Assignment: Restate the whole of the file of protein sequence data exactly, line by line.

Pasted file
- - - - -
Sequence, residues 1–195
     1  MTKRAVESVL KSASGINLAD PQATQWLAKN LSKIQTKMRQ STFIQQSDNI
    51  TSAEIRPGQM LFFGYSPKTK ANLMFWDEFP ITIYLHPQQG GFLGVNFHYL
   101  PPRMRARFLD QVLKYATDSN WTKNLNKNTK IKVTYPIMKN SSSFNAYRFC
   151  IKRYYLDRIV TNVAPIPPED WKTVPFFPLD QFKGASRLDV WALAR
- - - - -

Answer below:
Sequence, residues 1–195
     1  MTKRAVESVL KSASGINLAD PQATQWLAKN LSKIQTKMRQ STFIQQSDNI
    51  TSAEIRPGQM LFFGYSPKTK ANLMFWDEFP ITIYLHPQQG GFLGVNFHYL
   101  PPRMRARFLD QVLKYATDSN WTKNLNKNTK IKVTYPIMKN SSSFNAYRFC
   151  IKRYYLDRIV TNVAPIPPED WKTVPFFPLD QFKGASRLDV WALAR